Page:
MOSCOW -- Russian President Vladimir Putin entered self-isolation after people in his inner circle became infected with the coronavirus, the Kremlin said Tuesday, adding that the leader himself tested negative for covid-19.
Putin, who is fully vaccinated with Russia's Sputnik V, held several public engagements indoors Monday and even said that he may have to quarantine soon. An aide at the time sought to suggest he was speaking generally and insisted Tuesday that no one's heath was endangered.
During a daily conference call with reporters, Kremlin spokesman Dmitry Peskov said that Putin, 68, is "absolutely healthy" but had come in contact with someone who contracted the virus. Asked if Putin tested negative for the virus, Peskov said "definitely, yes."
Peskov didn't say when Putin began self-isolating, when he tested negative, how long he would remain in self-isolation or who among the president's contacts was infected.
During a videoconference with government officials and members of the ruling United Russia party, Putin said that several people in his "immediate circle" were infected with the virus, including a staff member who he was in close contact with throughout Monday.
That staffer was vaccinated and recently got "revaccinated," Putin said, apparently referring to a third shot that Russia is offering people who were immunized more than six months ago.
"Three days after revaccination he fell ill," Putin said. "We will see how Sputnik V really works."
Even the most highly effective coronavirus vaccines in use don't prevent all infections, but they reduce the risk of getting seriously sick or dying from covid-19.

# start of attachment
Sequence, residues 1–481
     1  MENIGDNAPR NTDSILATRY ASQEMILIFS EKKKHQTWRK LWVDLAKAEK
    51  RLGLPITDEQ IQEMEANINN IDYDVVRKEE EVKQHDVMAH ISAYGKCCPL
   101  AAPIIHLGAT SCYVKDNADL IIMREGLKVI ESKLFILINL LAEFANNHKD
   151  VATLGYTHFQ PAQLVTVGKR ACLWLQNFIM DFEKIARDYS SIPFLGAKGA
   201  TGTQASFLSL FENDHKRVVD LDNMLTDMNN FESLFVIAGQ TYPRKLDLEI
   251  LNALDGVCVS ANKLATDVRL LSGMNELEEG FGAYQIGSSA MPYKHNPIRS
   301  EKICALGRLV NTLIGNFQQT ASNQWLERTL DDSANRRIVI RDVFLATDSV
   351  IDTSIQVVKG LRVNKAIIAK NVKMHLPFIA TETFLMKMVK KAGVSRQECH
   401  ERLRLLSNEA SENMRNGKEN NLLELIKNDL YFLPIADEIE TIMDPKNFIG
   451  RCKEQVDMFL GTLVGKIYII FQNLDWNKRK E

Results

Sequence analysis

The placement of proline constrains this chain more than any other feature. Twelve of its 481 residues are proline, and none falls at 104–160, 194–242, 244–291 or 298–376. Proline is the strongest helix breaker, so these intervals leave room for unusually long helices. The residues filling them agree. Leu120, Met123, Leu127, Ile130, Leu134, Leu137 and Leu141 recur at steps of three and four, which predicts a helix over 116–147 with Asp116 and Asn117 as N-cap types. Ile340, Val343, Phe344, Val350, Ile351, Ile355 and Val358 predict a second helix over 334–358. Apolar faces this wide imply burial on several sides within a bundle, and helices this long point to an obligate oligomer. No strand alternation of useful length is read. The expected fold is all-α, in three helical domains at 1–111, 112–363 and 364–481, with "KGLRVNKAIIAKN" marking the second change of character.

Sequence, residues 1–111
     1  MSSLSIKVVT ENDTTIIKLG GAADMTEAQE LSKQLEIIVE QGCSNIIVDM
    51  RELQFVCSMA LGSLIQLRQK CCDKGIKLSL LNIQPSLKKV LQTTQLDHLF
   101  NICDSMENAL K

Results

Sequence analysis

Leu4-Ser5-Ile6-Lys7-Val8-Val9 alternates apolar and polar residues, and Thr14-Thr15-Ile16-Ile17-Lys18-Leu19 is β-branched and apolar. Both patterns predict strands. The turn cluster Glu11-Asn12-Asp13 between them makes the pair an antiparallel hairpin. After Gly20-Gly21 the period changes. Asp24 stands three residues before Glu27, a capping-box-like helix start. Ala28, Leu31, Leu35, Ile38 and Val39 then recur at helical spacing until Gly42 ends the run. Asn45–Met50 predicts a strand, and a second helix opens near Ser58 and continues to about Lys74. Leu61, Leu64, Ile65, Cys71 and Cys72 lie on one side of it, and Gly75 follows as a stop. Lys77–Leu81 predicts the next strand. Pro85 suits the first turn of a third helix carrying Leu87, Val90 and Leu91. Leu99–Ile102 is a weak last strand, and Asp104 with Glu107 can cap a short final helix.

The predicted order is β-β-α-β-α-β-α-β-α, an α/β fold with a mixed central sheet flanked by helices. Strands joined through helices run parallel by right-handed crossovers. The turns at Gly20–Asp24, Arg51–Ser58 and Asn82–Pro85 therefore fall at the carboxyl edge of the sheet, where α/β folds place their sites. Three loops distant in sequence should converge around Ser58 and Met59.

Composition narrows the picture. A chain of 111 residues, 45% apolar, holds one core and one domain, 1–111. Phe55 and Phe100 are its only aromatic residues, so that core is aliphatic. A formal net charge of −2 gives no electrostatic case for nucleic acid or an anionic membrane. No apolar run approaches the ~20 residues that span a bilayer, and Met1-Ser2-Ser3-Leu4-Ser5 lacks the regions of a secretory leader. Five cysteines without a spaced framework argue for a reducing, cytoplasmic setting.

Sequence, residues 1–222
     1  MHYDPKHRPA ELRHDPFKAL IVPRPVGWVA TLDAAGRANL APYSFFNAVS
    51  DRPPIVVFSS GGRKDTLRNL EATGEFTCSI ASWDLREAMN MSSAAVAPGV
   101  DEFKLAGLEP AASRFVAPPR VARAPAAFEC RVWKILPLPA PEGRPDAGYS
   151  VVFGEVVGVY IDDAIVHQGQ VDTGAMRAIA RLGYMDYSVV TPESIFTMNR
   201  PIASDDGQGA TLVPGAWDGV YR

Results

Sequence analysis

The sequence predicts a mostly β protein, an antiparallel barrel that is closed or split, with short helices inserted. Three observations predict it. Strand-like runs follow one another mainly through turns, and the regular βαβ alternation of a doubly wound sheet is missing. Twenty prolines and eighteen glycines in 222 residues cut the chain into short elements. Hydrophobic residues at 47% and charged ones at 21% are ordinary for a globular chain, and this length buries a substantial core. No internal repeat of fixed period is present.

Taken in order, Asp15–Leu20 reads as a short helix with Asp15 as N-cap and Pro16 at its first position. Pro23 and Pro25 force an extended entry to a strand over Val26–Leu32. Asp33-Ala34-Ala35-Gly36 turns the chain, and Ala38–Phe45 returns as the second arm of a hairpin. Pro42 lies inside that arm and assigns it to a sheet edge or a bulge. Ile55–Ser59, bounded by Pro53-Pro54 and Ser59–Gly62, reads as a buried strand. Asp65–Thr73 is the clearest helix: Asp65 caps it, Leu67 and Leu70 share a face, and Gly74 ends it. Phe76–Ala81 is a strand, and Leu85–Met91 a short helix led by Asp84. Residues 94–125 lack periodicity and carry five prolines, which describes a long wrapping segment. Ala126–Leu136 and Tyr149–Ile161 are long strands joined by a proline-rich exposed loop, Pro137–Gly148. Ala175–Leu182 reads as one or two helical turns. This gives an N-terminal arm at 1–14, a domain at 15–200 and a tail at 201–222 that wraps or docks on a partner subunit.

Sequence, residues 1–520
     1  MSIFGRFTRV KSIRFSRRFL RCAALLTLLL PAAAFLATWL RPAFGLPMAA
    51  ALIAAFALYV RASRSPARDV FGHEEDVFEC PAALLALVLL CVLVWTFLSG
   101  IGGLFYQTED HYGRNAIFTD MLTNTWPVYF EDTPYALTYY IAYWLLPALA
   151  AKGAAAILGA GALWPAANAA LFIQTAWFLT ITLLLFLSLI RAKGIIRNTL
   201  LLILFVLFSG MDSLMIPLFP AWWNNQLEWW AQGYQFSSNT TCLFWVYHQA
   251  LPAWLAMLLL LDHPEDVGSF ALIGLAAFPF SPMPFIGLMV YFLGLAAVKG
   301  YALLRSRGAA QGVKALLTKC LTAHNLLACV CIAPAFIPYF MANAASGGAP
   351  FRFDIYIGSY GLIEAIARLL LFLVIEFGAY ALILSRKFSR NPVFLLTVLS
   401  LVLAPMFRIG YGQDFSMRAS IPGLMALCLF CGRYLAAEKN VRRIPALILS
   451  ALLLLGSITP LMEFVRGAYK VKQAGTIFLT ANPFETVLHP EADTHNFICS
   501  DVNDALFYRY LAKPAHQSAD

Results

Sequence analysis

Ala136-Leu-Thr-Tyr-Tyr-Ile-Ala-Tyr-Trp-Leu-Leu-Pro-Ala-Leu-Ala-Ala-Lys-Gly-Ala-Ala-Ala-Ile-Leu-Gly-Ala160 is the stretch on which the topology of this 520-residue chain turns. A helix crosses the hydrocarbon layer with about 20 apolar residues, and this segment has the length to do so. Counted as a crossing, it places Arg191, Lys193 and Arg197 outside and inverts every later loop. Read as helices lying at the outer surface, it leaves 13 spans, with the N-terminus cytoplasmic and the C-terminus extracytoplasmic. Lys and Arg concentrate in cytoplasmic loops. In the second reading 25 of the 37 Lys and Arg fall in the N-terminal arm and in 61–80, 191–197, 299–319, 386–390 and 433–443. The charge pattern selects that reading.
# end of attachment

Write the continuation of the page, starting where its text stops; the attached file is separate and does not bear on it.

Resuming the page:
Russian authorities have been regularly criticized for underplaying the pandemic and for rarely imposing measures to control it even in the face of infection surges.
Putin has hardly ever worn a mask publicly, though he appeared to work largely remotely and was rarely seen in public for a period before he was vaccinated.
Also Tuesday, Putin criticized the presence of foreign troops in Syria, saying they are there against the will of the Syrian government and are blocking the consolidation of the war-torn country.
Putin was referring to hundreds of U.S. troops stationed in eastern Syria and working with Kurdish-led fighters in battling militants of the Islamic State, as well as Turkish forces in northern Syria. Speaking during a rare meeting in Moscow on Monday night with his Syrian counterpart Bashar Assad, he said the presence of the foreigners is illegal because they don't have permission to be there from the United Nations or Syria's government.
Russia joined Syria's 10-year conflict in September 2015, when the Syrian military appeared close to collapse, and has since helped in tipping the balance of power in favor of Assad, whose forces now control much of the country. Hundreds of Russian troops are deployed across Syria and they also have a military air base along Syria's Mediterranean coast.
Syrian state TV described Monday's meeting as "long" and said the two were later joined by Syria's foreign minister and Russia's defense minister to discuss mutual relations and fighting terrorism.
"This clearly violates international law and doesn't allow you to make maximum efforts to consolidate the country," Putin was quoted as telling Assad about the foreign forces, according to a statement released by the Kremlin.
"Only a consolidation of all forces in Syria will allow the country to get on its feet and start steady development, moving forward," Putin said.
Last week, a Russian-negotiated cease-fire deal went into effect to end a government siege and intense fighting in the southern city of Daraa. The deal brought areas held by the rebels in the city under government control for the first time since 2013.
Information for this article was contributed by Albert Aji and Jamey Keaten of The Associated Press